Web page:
'People here have an open mind'

'People here have an open mind'

It’s been 18 months since Benjamin Hallam, head of competence groups and IT delivery with Philips Innovation, moved to the City with his family. He hails from Sydney, Australia and has worked across the world.

The first thing that caught the attention of his three children - Kindra, Jacob and Piper - when they landed at the airport and hired a cab, was animals – cows and sheep roaming free on the roads. It took them a while to realise that it wasn’t a rare sight in the City.

Another thing that struck the kids was cement and construction material dumped on the road. “It is so spick and span back home that the kids were shocked to see cows and construction debris on the road. Bangalore is an IT City or that is what we heard back home but we find the traffic jams and garbage incorrigible,” says Benjamin of his first observations of the City.  

But he certainly thinks that Bangaloreans are a tolerant community who are warm and friendly in welcoming new people. Benjamin and his wife Nicole Hallam have had their share of hiccups settling down in the City. It wasn’t an easy one and Benjamin recalls, “I think my wife faced the most problems because she had to manage the house and ferry the kids to and from school. Initially, settling into our new home did throw up a lot of challenges.”

Nicole points out that the challenges they faced after moving were in sourcing fresh groceries, fruit, vegetables, wine and finding reliable help. “We had to manage our three children’s reaction to the relocation. When we moved here they were still very young, and their emotions showed in different ways. Our then five-year-old was loud about her fears, our three-year-old was very quiet for about six months, and our 18-month-old just continued, as if nothing had changed in his world,” recollects Nicole. 

But that phase passed on rather quickly and now the Hallams are comfortable with the City and seem to have found their circle of friends. Talking about what they like about the City, Nicole shares, “People here have an open mind, heart and approach every day with a smile. Bangaloreans are very welcoming and helpful people.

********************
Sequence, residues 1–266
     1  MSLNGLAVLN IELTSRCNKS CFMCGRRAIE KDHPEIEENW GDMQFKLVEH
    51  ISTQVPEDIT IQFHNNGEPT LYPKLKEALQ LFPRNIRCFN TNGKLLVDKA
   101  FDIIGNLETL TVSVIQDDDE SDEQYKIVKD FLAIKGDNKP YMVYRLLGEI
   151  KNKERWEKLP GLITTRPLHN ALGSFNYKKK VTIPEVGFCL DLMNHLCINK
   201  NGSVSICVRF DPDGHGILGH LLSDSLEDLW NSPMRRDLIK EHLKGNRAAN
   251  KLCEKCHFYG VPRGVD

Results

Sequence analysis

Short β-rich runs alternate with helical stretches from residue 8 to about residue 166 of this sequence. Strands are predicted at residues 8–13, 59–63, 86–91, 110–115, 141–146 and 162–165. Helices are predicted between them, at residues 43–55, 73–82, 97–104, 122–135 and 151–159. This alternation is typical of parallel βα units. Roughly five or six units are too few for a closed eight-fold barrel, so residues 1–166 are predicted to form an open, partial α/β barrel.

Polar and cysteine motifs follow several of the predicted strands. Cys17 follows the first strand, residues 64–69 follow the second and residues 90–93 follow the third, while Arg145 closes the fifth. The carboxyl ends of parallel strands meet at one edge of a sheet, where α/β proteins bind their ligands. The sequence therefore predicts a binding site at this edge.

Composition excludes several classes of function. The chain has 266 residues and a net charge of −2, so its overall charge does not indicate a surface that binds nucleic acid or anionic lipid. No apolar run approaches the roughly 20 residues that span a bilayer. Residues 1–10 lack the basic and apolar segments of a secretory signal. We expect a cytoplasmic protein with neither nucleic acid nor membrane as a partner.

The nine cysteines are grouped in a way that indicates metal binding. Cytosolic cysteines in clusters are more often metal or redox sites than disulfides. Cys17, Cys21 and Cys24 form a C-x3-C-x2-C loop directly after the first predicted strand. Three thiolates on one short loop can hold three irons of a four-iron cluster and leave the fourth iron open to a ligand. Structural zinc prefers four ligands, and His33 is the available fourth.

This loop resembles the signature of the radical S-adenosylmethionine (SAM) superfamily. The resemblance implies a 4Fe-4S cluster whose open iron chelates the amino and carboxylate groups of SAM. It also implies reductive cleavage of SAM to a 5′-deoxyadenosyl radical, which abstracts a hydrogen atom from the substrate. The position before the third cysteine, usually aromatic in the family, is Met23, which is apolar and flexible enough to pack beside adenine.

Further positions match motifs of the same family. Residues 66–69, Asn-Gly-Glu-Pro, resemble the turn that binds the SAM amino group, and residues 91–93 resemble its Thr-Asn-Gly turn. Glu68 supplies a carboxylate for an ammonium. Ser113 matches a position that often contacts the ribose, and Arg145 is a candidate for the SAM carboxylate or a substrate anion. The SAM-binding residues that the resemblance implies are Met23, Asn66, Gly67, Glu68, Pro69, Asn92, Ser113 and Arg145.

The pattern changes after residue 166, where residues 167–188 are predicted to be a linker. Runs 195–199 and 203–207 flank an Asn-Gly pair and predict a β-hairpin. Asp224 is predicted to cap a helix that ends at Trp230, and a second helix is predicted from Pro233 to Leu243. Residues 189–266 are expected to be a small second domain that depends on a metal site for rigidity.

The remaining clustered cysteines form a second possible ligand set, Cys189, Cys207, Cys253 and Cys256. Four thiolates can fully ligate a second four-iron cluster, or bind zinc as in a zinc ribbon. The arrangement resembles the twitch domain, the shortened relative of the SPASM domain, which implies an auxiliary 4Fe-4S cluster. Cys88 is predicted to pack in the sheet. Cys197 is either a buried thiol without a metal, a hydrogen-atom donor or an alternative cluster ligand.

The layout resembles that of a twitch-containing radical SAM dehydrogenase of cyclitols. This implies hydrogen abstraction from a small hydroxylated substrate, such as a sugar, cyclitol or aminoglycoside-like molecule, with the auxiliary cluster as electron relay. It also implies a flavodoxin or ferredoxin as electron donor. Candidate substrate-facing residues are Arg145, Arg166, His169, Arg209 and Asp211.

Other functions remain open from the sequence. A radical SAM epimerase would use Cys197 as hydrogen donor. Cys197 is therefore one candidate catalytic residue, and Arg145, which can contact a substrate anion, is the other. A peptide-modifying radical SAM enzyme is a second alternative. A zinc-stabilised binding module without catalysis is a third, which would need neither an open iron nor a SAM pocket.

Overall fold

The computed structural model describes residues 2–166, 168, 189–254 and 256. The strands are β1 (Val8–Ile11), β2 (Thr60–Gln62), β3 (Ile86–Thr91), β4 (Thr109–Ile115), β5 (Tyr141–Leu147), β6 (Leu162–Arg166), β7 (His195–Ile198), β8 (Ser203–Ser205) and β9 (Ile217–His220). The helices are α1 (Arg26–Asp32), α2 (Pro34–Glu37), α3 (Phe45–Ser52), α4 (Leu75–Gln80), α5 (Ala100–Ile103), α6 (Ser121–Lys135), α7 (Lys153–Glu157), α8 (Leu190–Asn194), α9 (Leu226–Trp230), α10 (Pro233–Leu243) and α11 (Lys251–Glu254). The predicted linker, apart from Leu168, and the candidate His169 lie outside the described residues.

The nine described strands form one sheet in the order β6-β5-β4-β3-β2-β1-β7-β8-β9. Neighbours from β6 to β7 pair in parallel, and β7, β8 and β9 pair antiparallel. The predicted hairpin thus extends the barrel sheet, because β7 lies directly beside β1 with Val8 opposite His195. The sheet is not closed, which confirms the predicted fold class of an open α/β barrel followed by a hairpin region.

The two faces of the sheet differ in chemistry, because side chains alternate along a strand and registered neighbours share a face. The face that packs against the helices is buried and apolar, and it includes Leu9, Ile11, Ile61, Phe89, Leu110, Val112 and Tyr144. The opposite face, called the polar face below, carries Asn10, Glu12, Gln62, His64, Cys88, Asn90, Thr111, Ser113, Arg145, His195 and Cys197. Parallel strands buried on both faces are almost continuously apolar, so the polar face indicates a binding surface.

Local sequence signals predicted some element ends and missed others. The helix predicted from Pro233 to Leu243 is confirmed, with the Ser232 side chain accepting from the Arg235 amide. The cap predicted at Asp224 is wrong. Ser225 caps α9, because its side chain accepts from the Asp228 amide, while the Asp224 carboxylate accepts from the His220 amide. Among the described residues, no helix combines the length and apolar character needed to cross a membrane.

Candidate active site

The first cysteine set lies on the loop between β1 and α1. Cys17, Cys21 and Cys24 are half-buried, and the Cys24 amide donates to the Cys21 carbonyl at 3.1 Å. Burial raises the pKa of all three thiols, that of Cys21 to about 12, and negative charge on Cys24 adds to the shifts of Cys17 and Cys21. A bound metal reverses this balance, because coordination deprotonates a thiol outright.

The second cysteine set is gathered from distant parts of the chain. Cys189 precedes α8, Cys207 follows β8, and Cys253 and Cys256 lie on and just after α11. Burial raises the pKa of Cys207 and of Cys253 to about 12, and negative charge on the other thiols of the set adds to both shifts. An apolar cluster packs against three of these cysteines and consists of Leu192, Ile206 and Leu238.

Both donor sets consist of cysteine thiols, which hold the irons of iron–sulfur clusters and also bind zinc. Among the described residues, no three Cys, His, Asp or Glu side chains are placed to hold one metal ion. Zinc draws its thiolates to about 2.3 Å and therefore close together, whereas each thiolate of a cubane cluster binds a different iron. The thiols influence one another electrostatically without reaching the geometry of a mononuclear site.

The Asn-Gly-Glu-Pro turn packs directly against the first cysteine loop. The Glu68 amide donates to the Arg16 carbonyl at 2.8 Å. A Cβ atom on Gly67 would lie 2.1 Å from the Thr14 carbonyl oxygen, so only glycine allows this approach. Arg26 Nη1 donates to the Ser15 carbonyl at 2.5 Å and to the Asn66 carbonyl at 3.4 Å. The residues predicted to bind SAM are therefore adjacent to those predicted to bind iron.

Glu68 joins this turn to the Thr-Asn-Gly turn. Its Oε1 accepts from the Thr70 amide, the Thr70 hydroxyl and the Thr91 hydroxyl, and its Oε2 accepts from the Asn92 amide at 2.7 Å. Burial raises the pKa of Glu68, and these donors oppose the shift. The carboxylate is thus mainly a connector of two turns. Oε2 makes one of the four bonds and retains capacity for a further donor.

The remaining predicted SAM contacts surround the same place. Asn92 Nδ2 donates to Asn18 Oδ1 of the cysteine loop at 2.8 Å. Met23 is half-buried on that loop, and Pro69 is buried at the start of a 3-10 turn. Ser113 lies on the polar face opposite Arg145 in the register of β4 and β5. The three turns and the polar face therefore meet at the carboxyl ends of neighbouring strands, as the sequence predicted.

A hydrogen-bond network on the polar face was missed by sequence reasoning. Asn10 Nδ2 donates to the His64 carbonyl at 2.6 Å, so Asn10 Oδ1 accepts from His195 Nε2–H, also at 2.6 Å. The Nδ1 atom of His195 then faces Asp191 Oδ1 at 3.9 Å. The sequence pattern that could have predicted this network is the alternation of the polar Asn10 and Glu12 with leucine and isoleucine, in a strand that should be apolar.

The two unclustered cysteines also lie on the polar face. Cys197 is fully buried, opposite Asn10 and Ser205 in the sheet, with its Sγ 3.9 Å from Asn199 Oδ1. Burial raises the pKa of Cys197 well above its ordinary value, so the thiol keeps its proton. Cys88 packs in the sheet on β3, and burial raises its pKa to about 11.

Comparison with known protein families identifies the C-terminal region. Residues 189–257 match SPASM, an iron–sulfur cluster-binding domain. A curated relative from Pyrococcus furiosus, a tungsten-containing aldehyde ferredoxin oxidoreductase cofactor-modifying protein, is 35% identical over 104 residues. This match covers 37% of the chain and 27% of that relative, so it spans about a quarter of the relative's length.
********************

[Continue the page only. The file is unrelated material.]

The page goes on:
They want you to love India as much as they do.” Benjamin points out that the skill and talent that some of the professionals have here is second to none. “It is important to handle people and their attitude the right way. There’s so much potential here that needs to be tapped,” he reasons. Nicole also shares that sometimes she is surprised by the gap between the rich and the poor in the City. “The gap between the top of the pyramid and the bottom is large. This is very different from what we are used to,” she adds.

The Hallam family takes the weekends off to explore the City. Nicole says that after ballet classes for the kids on Saturday, the family heads straight to a mall. “We usually head to a mall or to a grocery shop to pick up supplies and treat the kids to ice-cream or a doughnut. Sunday is our ‘no chores’ day, so we either stay at home or head to the Bangalore Club for some swimming and lunch on the lawn,” she says. 

The family has pretty much settled down to Indian ways and the food here is what they enjoy the most. Benjamin likes the Indian gravies, especially in chicken and he confesses that he never misses a chance to gorge on the sweets. Nicole states that she hasn’t cooked much after moving to Bangalore, thanks to two excellent cooks at home.

“The kids’ favourite Indian food is chapati and butter chicken. They love watching it being made, and often they make their own chapati out of the dough. If we go for a vacation on a beach, they make ladoo out of wet sand and line them up along the beach,” she concludes.

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